ROB magazine: Inside the year that nearly killed Cirque du Soleil and its plan to return to the stage

On a sunny afternoon in March 2020, a small crowd shuffled into Cirque du Soleil’s sprawling tent-shaped theatre at the Disney Springs resort in Orlando for a mini-preview of its new show, Drawn to Life. Once inside, everyone’s sense of perspective was immediately put to the test. A towering lamp loomed over the stage, its bulb the size of a baby elephant. Twenty-foot-tall pencils stood in a jar near an old-timey pencil sharpener that would take a team of six to operate. Dozens of bedsheet-size sketchpad pages hung overhead. This was what it must be like to be shrunk down to size and perched on an animator’s table. The effect was Lilliputian. Or, since this was a Cirque-Disney co-production, Jiminy Cricketian.

Drawn to Life tells the story of Julie, a young girl whose animator father has died (in keeping with Disney’s tradition of doing away with parents). When she discovers some of his unfinished animations, she sets out to complete them. The audience that day was made up of reporters, theme-park-industry watchers and Disney employees, and as they took their seats—strangers sitting elbow to elbow, their faces just inches apart—a team of acrobats dressed to look like pencil sketches performed in tandem with animated drawings projected behind them. Then a muscular aerialist twirled a giant pencil dangling from a rope like he was drawing onto a sketchpad on the stage. When an old wooden desk sprang to life and galloped away, delight at the spectacle was apparent on the onlookers’ unmasked faces.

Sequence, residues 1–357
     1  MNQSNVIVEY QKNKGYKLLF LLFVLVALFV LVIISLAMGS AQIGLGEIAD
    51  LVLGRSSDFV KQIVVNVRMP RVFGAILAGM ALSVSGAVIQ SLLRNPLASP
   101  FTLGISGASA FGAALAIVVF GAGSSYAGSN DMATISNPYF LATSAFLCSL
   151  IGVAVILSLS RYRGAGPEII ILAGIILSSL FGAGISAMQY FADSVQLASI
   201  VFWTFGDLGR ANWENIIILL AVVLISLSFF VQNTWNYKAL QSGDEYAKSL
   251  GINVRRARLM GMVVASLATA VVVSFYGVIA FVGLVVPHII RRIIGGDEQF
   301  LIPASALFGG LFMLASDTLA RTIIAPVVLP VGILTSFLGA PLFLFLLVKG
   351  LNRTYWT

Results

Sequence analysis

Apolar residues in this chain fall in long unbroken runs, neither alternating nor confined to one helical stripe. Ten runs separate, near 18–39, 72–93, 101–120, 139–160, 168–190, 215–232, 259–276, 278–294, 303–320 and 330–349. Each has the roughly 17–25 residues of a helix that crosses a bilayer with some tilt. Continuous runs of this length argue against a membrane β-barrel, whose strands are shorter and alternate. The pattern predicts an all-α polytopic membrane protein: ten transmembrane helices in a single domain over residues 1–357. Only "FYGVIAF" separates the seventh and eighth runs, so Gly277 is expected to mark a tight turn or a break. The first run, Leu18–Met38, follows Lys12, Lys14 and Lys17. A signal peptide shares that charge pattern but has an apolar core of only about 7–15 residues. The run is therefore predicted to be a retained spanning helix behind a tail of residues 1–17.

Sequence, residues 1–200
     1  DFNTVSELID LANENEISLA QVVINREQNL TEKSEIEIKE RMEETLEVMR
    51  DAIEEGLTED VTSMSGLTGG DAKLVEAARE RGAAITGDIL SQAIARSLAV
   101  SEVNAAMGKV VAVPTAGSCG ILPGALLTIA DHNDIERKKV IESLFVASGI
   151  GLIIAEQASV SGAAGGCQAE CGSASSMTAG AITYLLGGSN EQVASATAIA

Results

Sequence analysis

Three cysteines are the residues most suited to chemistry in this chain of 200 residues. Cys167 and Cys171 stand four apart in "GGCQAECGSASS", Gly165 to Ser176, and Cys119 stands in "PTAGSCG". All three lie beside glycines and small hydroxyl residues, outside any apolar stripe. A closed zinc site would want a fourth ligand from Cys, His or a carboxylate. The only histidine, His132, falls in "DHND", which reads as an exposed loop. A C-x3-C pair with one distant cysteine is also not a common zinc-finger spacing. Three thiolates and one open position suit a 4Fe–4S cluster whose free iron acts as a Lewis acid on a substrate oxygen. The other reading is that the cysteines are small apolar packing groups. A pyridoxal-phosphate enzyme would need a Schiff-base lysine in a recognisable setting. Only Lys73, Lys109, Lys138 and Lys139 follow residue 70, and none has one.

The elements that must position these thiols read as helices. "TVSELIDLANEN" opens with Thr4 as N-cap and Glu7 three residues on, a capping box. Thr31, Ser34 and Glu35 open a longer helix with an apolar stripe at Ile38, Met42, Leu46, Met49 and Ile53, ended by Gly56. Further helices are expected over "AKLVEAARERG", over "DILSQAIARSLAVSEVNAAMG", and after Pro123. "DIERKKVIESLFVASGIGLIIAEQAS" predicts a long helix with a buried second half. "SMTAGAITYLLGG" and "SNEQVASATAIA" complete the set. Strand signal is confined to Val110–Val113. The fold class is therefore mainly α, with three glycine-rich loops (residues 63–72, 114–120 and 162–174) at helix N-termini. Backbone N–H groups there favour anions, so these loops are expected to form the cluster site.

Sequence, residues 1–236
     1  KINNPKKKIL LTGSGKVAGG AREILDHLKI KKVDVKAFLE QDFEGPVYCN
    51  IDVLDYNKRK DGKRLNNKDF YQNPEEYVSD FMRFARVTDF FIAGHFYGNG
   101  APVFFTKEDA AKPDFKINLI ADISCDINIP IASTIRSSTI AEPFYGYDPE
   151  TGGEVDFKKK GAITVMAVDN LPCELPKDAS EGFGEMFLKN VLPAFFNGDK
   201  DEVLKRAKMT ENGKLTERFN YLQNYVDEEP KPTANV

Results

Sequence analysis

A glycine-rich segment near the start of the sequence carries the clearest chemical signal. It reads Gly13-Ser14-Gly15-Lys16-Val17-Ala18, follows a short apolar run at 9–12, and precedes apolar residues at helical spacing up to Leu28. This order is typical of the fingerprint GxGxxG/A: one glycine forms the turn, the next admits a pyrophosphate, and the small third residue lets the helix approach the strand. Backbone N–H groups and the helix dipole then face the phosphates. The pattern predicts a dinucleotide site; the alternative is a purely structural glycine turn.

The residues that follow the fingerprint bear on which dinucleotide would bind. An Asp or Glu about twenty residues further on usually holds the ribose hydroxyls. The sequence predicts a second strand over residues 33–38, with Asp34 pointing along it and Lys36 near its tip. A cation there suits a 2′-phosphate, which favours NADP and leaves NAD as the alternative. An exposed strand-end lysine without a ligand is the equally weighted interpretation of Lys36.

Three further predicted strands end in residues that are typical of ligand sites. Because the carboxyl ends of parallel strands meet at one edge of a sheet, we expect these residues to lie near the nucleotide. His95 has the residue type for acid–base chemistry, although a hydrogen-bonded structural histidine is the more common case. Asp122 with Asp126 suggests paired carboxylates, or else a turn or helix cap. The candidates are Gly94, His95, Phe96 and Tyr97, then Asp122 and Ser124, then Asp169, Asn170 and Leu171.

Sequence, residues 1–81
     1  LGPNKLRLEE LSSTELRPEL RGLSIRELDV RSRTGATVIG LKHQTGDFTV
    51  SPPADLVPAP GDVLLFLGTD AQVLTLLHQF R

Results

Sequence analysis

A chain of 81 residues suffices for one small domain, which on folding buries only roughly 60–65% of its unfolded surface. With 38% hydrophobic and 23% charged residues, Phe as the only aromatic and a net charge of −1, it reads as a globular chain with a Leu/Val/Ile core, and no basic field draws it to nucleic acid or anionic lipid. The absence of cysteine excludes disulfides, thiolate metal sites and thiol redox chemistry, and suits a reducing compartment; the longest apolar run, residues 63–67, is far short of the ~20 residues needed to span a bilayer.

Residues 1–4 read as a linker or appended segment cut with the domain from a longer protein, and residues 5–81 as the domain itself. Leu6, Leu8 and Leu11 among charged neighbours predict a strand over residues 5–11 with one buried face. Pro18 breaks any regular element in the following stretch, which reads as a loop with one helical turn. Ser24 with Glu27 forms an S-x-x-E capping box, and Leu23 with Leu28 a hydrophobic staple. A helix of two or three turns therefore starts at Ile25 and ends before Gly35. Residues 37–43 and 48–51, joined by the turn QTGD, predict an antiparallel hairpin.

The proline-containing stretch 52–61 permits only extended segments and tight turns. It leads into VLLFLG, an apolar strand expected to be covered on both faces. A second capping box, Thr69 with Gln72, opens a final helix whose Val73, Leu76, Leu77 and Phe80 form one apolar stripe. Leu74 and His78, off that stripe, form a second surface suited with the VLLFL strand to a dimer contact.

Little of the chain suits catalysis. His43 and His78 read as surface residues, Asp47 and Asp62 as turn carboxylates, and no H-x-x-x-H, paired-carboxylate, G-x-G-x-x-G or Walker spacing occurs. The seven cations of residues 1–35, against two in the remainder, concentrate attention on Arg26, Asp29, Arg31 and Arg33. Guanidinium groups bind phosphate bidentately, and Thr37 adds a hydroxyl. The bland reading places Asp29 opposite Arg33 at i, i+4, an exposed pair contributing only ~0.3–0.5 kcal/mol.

No one there knew it yet, but this was Cirque’s last gasp in the Before Times.

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ROB magazine: Bitcoin at the tipping point between fringe and traditional finance

By Onov3056 – Own work, CC BY-SA 4.0

Like every CEO when the pandemic hit, Christopher Gimmer wondered how the crisis would affect his Ottawa-based startup, Snappa. He had reason to be hopeful, on the business front at least. Snappa is a small company with only a handful of employees, its simple-to-use online graphic design tools were already popular with entrepreneurs, and within weeks Snappa’s growth rate accelerated as more businesses rushed online. Yet Gimmer was troubled by what he saw around him— governments battling the rapidly spreading COVID-19 virus by raising debt to levels not seen since the Second World War, while central banks slashed interest rates to near zero.

Which is when Gimmer did something very few other CEOs had ever dreamed of. After Snappa’s bank cut the interest rate on its “high-interest savings account” to 0.45%, Gimmer began to shift a portion of Snappa’s cash holdings into bitcoin (BTC), the radical cryptocurrency that promises a way to conduct transactions online while sidestepping the established world of finance. It’s also an asset JPMorgan Chase & Co.’s chief executive officer, Jamie Dimon, once derided as a “fraud … worse than tulip bulbs.”